This article provides ideas on how Human Resources Business Partners (HRBP) can create value for organizational stakeholders. It starts with the premise that HRBPs must understand the trends that will shape how work gets done in the future, as well as the key actions HRBPs will take to support the line in operationalizing these trends. The article integrates several trends into seven implications that will guide the work of HRBPs. Among the seven implications are: 1) Fairness and Equity Become Top Priorities, but Hybrid Harms DEI Efforts, 2) Hybrid Drives More Turnover, and 3) Automation Changes the Manager Role. For each implication, recommended actions are offered. For example, as emerging technology automates many managerial tasks, HRBPs will work with managers and leaders to spotlight empathy as a key capability for people leaders to succeed in their roles. Given the updated scope of people leadership, HRBPs will work with Centers of Excellence leads to adjust high-potential employee selection criteria and successor matching to prioritize human leadership skills. Even if you are not an HRBP, the article provides insights into how HRBPs will partner with various organizational stakeholders to deliver value. For a bonus article on increasing the strategic impact of HRBPs, check out Gartner’s article, How to Identify and Overcome Barriers to Strategic HRBP Impact.


Provides several ideas for how HR can operate as an integrated system. Offers 10 ideas on how to make this shift. You can also view this post here on LinkedIn and join the discussion and/or share it with your network!


This past week, 20 new Chief Human Resources Officer announcements were posted on CHROs on the Go a subscription that provides the easiest way to stay informed about CHRO hires, promotions, and resignations.

This week’s CHRO highlight is:

  • GE Vernova (BOSTON) [NYSE: GE]—GE's portfolio of energy businesses—announced it has appointed Steven Baert as Chief People Officer, effective April 1. Mr. Baert currently serves as Managing Partner and Founder of Propuli llc, a firm based in Switzerland, specializing in human capital advisory services. From 2014 until 2021, Mr. Baert served as Chief People Officer and member of the Executive Committee of Novartis AG. READ MORE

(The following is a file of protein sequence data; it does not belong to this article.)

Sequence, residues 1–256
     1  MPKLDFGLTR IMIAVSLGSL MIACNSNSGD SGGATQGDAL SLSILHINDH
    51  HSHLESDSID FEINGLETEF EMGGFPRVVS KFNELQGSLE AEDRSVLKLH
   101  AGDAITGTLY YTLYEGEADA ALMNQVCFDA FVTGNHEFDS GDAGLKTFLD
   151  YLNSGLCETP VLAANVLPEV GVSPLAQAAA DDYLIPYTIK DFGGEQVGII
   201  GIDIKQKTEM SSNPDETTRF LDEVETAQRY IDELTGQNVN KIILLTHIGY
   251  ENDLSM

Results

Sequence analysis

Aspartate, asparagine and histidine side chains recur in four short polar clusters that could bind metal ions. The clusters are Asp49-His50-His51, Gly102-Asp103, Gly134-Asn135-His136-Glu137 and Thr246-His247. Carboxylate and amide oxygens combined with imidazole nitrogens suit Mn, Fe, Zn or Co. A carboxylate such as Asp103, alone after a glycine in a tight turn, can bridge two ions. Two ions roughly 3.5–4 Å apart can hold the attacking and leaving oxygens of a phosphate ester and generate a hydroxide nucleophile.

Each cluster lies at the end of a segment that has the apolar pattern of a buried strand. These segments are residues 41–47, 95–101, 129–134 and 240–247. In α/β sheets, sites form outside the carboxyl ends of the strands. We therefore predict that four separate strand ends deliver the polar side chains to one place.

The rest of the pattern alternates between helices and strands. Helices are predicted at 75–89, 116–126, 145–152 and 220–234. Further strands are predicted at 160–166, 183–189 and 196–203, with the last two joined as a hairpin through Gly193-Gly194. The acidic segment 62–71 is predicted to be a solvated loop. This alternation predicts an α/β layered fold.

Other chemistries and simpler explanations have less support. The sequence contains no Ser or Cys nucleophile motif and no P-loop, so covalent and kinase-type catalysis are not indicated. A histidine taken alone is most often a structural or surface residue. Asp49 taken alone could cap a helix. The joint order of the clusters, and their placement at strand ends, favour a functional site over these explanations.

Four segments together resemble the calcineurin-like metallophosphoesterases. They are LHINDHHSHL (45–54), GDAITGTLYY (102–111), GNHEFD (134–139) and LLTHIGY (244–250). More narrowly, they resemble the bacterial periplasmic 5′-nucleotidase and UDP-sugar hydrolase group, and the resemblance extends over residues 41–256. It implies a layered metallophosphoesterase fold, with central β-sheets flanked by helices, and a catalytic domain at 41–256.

Do you want to join hundreds of others getting the EDGE each week in knowing which CHROs are being hired, promoted, and resigning? If so:

Currently, there are +2000 CHROs announcements on CHROs on the Go, with 20-25 new announcements added each week!

If you are already a member of CHROs on the Go, you can log in to access all announcements and site functionality.

Here you can see the latest updates from a segment of organizations that have announced job cuts and layoffs since the start of 2023. Recruiters, search firms, and hiring managers can use this resource to identify opportunities for recruiting talent from organizations affected by layoffs. A few firms that announced job cuts this past week include Atlassian Corp. and SiriusXM.



Highlights a previously shared Talent Edge Weekly resource that received many views and engagement!

This one-page reference integrates four resources for managers to leverage as they identify and address their most critical employee retention risks.

If so, you can check out 12 of the most popular resources from February. Topics include CHRO as growth executive, workforce risks, learning & development, skills, employee wellbeing, and more!


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brianheger.com provides free access to +1,000 curated articles, research reports, podcasts, etc. that help practitioners drive better business results through strategic human resources and talent management.

CHROS on the Go is a subscription that provides the easiest and most convenient way to stay informed about Chief Human Resources Officer hires, promotions, and resignations in organizations of all sizes and industries.

Talent Edge Weekly is a free weekly newsletter that brings together the best talent and strategic human resources insights from various sources. It is published every Sunday at 6PM EST.